Expert: Marriott was quicker to detect second data breach

By Steve Hartridge, published 3/04/20

Improved detection systems helped Marriott International limit the damage from its most recent data breach, according to an expert.

The hotel giant has admitted falling victim to a second cyber attack in two years and said 5.2 million guests staying at several of its brands may have had their details compromised.

Andrew Hollister, Senior Director at threat intelligence specialist LogRhythm Labs, said although this was another serious breach, Marriott had clearly learned lessons since the first attack when hackers accessed information on up to 383 million guests.

“A global company like Marriott, which holds a massive amount of personal information about its guests, will always be an attractive target for bad actors,” he said.

“Whilst this is the second data breach Marriott has reported in the last two years, there are some positives to draw.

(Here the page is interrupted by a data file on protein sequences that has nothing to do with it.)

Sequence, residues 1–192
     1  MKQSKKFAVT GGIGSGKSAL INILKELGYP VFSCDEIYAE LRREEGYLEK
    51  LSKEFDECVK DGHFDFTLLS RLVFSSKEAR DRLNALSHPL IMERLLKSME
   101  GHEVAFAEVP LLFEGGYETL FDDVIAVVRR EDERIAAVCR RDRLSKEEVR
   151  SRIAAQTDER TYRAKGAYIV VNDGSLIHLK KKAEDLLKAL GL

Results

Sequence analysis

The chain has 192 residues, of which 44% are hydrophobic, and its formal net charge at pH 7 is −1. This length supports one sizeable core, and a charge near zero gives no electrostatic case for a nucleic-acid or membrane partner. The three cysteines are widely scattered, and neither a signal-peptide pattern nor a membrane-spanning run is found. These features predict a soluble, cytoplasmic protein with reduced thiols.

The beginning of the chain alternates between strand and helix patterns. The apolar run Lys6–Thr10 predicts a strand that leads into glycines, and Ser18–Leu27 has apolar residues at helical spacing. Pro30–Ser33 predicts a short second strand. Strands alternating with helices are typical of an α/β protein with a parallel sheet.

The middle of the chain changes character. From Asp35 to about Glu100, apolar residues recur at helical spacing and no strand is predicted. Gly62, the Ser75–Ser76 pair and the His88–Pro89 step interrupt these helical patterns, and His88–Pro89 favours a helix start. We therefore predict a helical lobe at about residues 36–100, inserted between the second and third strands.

"In the previous incident in 2018, Marriott detected signs of unauthorised activity going back four years.

“In this new case, the activity appears to have begun in January 2020 and been detected during the course of February 2020. This is a significant improvement in time to detect and respond to a data breach.

“Whilst a significant number of records has been breached, the reduced time to detect has no doubt contributed to the number being substantially lower than on the previous occasion.”

The Marriott attack was carried out via third-party software used by hotels to provide guest services.

Hackers were able to get the login credentials used by two employees at a franchise property, gaining access to a raft of guest information which might have included names, addresses, birthdays, room preferences and loyalty information.

Marriott has offered to enrol guests in a personal information monitoring service for up to a year.